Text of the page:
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Muddy Bump

We stayed in Hamilton for a bit longer mainly for organizational reasons. We did not need any rest, we still had some energy since we zeroed in Auckland. We were waiting for a parcel with a few things that we had ordered in advance to poste restante, and we also wanted to go to Hobbiton.

We booked the accommodation online by a well-known website, we got a fairly large room, the landlord seemed not to follow everything that was happening in her house. In the morning we went to the center to check package, because the NZ Post application kept showing me for several days that it is still waiting at the Auckland airport. I can understand the Christmas caused delays, but on the other hand we managed to get from Auckland literally on foot, while the couriers were not able to deliver the package by car… At the post office we were informed that it should be here within two days, and if not, then next week. Well, that’s a pity.

Due to the fact that anyway we had to wait for the parcel, we decided to go to Hobbiton. We tried to book the tickets in advance, but unfortunately nothing was available. Luckily, there were places for the next day, so we booked them immediately. The film set was a few dozen kilometers away from Hamilton. It was in the middle of nowhere, and we were aiming to hitch there. This time we got ourselves prepared and took a cardboard saying where we want to get. It took us a few rides (and a taxi on the last bit) and we arrived just on time. We collected our tickets and lined up for the bus. Most of the people queuing were Chinese, Hindus, Chinese and Chinese. There were also some Chinese in the front, but the rest of them were Chinese. We got in and hit the road. A young guide welcomed us, every now and then throw she was telling some jokes for tourists (probably a hundredth time this week). We watched a video introducing us to the subject: interviews with Peter Jackson, set designers, owners of the farm where Hobbiton is placed, etc.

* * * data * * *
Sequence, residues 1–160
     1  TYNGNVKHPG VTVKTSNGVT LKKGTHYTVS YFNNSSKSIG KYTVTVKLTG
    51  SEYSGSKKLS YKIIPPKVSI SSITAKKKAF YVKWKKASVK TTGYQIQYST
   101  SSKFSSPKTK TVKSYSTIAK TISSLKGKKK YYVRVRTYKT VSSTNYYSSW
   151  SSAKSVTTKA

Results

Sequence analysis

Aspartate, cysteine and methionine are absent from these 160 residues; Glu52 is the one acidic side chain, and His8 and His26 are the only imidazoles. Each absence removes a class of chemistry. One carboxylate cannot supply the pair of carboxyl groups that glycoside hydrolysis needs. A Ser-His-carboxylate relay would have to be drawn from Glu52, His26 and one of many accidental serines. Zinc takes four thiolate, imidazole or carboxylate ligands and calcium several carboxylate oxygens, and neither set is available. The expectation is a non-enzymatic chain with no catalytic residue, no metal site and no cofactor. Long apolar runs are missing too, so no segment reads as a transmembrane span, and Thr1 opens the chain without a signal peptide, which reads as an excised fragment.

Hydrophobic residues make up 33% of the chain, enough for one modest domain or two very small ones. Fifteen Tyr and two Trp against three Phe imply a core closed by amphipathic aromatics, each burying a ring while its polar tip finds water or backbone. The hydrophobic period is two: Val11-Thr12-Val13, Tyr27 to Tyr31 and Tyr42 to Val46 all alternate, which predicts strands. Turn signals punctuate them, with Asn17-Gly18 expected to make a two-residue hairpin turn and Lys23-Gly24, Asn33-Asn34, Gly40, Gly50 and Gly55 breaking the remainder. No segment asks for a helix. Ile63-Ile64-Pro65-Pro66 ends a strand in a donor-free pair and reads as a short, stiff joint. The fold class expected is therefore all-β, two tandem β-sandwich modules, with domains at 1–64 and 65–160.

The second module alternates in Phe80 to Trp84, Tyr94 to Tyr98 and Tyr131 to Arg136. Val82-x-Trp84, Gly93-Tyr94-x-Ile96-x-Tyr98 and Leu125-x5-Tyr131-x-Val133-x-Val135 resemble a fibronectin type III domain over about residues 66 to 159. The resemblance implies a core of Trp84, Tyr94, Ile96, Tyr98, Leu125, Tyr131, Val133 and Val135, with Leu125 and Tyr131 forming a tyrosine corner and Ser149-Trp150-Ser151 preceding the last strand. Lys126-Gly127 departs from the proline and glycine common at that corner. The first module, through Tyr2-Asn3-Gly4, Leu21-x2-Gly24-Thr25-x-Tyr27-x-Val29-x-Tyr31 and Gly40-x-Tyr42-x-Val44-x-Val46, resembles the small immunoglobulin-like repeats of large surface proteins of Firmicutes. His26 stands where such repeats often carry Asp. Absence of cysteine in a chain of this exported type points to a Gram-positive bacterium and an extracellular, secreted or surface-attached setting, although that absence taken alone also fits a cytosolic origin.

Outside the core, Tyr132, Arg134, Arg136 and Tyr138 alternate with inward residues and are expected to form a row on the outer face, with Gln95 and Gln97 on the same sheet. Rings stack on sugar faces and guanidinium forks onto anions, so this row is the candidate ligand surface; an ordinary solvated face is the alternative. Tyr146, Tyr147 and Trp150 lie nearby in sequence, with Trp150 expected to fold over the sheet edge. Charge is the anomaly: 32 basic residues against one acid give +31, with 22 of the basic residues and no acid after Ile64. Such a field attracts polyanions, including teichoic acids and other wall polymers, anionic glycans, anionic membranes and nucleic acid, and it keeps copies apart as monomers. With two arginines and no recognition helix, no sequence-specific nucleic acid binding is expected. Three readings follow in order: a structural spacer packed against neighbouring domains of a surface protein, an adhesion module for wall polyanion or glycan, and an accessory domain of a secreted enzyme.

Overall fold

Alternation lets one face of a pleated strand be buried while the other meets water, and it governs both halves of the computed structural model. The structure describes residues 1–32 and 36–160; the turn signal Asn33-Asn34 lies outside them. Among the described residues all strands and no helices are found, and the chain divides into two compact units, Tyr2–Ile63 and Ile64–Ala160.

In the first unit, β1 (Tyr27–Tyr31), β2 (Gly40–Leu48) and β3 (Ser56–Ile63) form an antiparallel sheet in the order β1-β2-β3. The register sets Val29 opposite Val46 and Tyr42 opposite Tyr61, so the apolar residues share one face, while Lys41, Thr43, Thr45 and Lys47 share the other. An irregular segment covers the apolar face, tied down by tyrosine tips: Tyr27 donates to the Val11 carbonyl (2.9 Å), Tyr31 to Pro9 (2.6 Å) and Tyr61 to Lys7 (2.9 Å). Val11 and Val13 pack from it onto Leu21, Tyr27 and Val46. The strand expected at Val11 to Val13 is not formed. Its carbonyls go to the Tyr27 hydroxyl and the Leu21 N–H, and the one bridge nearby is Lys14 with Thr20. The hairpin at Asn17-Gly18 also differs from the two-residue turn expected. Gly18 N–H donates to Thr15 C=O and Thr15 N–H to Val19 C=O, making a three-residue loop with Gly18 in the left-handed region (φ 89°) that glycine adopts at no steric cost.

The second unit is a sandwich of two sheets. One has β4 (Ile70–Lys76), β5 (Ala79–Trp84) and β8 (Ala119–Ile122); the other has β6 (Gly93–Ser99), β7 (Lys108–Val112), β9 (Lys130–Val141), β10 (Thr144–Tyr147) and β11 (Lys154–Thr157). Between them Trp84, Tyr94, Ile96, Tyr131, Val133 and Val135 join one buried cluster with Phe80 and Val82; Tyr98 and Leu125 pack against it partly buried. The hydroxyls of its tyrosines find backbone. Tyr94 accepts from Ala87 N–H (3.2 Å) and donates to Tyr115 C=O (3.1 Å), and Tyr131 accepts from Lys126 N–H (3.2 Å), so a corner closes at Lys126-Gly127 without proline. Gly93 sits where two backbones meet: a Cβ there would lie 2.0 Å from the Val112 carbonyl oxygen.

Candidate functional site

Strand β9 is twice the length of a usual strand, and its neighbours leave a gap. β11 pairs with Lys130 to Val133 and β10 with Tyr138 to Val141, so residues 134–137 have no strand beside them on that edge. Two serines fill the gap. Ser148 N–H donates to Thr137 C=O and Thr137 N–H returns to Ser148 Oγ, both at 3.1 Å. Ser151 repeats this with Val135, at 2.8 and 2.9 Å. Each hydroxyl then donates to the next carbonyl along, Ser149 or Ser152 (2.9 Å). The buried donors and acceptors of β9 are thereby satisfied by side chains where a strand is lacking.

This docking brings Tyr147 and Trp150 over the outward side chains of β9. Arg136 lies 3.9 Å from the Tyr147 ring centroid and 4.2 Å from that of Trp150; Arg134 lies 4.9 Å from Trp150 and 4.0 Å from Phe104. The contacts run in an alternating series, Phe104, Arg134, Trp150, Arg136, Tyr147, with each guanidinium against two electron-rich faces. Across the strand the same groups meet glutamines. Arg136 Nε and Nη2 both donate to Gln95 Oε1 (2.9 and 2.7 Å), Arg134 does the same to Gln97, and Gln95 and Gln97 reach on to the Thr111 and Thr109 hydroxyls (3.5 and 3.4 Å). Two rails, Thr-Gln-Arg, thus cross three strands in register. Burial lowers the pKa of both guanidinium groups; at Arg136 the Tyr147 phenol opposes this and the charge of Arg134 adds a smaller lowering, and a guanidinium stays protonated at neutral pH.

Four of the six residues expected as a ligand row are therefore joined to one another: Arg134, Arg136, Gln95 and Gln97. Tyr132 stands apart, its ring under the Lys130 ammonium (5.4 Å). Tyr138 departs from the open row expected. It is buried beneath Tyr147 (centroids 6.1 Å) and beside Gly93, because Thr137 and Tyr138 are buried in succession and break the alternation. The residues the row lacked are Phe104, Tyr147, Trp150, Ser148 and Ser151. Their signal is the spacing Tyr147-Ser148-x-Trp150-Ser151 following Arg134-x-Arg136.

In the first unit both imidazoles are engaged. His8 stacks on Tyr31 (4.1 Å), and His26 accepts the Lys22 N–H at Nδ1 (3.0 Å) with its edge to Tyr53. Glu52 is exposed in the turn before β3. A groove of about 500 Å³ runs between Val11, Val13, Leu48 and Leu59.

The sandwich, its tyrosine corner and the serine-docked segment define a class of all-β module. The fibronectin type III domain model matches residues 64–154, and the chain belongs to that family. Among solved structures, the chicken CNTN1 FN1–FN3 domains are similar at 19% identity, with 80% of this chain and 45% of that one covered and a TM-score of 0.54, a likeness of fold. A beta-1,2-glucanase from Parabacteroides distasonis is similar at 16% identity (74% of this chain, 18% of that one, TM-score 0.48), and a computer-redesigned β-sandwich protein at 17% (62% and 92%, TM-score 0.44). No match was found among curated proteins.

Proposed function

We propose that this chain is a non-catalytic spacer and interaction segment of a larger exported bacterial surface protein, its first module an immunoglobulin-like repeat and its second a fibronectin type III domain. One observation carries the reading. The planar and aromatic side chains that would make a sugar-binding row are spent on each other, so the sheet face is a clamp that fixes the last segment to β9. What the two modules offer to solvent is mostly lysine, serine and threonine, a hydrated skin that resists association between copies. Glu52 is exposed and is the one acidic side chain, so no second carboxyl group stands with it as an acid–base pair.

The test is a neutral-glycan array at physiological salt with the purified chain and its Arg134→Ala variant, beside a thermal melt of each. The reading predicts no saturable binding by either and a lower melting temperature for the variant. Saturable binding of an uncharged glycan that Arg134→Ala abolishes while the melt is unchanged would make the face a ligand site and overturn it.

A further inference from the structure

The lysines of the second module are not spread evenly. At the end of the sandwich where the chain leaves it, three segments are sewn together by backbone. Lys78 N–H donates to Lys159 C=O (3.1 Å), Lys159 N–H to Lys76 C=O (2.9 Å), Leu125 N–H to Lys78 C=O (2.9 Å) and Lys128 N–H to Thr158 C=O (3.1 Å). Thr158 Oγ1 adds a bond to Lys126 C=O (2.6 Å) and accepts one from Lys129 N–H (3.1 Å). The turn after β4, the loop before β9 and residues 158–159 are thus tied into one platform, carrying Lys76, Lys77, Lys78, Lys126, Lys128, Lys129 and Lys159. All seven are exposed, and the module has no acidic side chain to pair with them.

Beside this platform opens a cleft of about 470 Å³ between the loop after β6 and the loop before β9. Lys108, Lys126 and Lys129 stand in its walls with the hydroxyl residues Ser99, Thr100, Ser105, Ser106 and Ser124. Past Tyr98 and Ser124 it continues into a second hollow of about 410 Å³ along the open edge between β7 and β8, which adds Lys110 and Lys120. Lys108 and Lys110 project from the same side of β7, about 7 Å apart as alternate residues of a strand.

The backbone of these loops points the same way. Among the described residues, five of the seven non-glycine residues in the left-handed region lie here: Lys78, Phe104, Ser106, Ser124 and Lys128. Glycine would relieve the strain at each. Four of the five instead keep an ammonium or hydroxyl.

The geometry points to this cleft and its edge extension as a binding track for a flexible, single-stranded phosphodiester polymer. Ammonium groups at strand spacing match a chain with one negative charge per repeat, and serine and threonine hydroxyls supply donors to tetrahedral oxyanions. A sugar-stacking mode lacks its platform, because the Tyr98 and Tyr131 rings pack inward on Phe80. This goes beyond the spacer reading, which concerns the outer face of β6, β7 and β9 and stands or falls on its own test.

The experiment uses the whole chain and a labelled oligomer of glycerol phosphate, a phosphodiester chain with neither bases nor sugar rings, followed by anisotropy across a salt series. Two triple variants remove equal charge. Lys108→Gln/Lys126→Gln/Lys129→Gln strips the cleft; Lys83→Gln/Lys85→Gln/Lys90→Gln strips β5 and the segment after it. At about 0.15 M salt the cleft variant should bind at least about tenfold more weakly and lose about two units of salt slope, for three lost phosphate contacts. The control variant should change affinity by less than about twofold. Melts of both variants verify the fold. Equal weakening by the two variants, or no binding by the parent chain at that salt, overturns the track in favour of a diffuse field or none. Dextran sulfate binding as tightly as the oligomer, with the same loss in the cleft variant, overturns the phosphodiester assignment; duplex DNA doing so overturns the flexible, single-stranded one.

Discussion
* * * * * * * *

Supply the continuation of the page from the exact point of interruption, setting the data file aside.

After a short ride, we got off onto the set. Immediately a forest of selfie-sticks rose up and a queue of people trying to take a picture with literally anything formed quickly. I forgot why I hate tourist attractions… We were moving slowly around the film set listening to the guide telling all the interesting facts about the film and how some of the shots were taken. On one hand I enjoyed where I am, on the other I regretted it – urgh, this whole “tourism industry”… I liked it in general, but I think that the whole thing is definitely overrated and costs too much. The cheapest ticket costed $84 and included a 2-hour walk and one beer in a hobbit tavern. However, there is no shortage of people willing to pay for it and the money is already gone, so all I can do is just be happy that I checked it out. In my opinion, it was rather not worth it.

It didn’t take us long to come back home, only two rides. We were lucky. As soon as the Canadian couple gave us a lift to the highway, an elderly lady stopped. She was going straight to Hamilton and dropped us almost at the gate to our place.